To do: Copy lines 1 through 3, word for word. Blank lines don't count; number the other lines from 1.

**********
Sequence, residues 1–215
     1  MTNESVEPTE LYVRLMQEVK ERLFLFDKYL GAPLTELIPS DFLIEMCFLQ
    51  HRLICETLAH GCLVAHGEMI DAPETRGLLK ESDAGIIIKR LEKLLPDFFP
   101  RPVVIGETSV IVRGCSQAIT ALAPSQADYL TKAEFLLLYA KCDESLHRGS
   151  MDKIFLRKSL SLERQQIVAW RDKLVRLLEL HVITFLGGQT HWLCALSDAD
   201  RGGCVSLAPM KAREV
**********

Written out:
Sequence, residues 1–215
     1  MTNESVEPTE LYVRLMQEVK ERLFLFDKYL GAPLTELIPS DFLIEMCFLQ
    51  HRLICETLAH GCLVAHGEMI DAPETRGLLK ESDAGIIIKR LEKLLPDFFP